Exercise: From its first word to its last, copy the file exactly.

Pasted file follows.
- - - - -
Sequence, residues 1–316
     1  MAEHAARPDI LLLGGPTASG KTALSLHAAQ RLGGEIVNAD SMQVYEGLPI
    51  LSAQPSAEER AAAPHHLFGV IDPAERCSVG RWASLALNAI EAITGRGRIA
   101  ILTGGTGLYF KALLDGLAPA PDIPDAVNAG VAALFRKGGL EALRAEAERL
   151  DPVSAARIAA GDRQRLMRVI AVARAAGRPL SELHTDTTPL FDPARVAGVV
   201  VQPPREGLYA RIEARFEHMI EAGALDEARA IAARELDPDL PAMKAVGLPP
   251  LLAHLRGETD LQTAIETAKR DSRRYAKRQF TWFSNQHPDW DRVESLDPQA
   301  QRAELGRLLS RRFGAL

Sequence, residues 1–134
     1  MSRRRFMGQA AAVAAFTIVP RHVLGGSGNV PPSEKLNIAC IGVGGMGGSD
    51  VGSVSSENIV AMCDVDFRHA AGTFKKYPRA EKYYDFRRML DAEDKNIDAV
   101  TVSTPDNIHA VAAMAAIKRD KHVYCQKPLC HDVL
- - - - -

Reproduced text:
Sequence, residues 1–316
     1  MAEHAARPDI LLLGGPTASG KTALSLHAAQ RLGGEIVNAD SMQVYEGLPI
    51  LSAQPSAEER AAAPHHLFGV IDPAERCSVG RWASLALNAI EAITGRGRIA
   101  ILTGGTGLYF KALLDGLAPA PDIPDAVNAG VAALFRKGGL EALRAEAERL
   151  DPVSAARIAA GDRQRLMRVI AVARAAGRPL SELHTDTTPL FDPARVAGVV
   201  VQPPREGLYA RIEARFEHMI EAGALDEARA IAARELDPDL PAMKAVGLPP
   251  LLAHLRGETD LQTAIETAKR DSRRYAKRQF TWFSNQHPDW DRVESLDPQA
   301  QRAELGRLLS RRFGAL

Sequence, residues 1–134
     1  MSRRRFMGQA AAVAAFTIVP RHVLGGSGNV PPSEKLNIAC IGVGGMGGSD
    51  VGSVSSENIV AMCDVDFRHA AGTFKKYPRA EKYYDFRRML DAEDKNIDAV
   101  TVSTPDNIHA VAAMAAIKRD KHVYCQKPLC HDVL